The International Social Survey Programme – a Resource for Comparative Analyses

Monday, 16 July 2018: 11:36
Oral Presentation
Christof WOLF, GESIS Leibniz-Institute for the Social Sciences, Germany
The International Social Survey Programme (ISSP) was founded in 1984. Initially it was conducted in four countries while today the ISSP has around 50 member countries from six continents. Since 1985 the ISSP has run a comparative survey every year and has collected data from more than one million respondents.

The ISSP can be a resource for comparative analyses at least from two different points of view. First, ISSP surveys cover pertinent social topics stimulating research around like Citizenship (fielded in 2004/ 2014), Environment (1993/ 2000/ 2010), Family and Changing Gender Roles (1988/ 1994/ 2002/ 2012), Health and Health Care (2011), Leisure Time and Sports (2007), National Identity (1995/ 2003/ 2013), Religion (1991/ 1998/ 2008/ 2018), Role of Government (1985/ 1990/ 1996/ 2006/ 2016), Social Inequality (1987/ 1992/ 1999/ 2009/ 2019), Social Networks (1986/ 2001/ 2017) and Work Orientations (1989/ 1997/ 2005/ 2015). As can be seen from this list, ISSP is not only comparative across countries but also follows a longitudinal design thus the data can be used for cross-national as well as for analyses of social change. These data are easy to find, they are well documented and available free of charge.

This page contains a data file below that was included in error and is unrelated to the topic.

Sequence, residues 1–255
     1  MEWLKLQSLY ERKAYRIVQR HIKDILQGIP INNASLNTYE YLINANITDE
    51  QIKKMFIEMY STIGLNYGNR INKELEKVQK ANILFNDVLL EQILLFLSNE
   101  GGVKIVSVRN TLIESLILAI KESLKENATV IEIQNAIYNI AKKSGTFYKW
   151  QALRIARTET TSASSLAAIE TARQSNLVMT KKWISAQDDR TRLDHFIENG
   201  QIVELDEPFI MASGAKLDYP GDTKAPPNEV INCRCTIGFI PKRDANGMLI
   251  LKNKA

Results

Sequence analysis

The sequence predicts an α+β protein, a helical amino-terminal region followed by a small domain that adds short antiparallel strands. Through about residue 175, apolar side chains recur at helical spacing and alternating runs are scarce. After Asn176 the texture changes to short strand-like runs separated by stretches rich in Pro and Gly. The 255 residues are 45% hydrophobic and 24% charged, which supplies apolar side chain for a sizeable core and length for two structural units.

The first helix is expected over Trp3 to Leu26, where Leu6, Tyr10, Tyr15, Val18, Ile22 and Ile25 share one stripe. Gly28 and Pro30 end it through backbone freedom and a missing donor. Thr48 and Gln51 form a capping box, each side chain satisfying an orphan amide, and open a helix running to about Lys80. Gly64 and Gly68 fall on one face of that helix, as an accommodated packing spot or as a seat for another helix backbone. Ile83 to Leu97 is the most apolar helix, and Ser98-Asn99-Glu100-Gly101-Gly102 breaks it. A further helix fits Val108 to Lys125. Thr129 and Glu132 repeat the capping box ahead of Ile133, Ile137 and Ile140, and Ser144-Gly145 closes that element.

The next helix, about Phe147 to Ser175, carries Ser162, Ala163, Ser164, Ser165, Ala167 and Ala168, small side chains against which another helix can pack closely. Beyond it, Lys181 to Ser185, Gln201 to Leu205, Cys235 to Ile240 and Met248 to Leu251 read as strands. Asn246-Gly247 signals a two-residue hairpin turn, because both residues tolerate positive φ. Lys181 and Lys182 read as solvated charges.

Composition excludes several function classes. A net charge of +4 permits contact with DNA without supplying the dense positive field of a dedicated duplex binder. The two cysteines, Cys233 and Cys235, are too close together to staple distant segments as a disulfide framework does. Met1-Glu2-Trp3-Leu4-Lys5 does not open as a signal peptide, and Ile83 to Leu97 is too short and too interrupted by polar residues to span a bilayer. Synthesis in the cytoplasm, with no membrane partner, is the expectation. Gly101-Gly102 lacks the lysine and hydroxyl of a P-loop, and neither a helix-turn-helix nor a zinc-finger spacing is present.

However, the ISSP can also be resource for comparative research in another form: The ISSP has developed a set of rules and procedures that allow it to achieve a high level of cross-national relevance and comparability. Rules for questionnaire development, for translation, for documentation have been developed to ensure high quality of the process and results while at the same time formally involving every member country to the same degree (one country, one vote). These rules will be described in more detail and it will be demonstrated that they may serve as best practice for other comparative projects.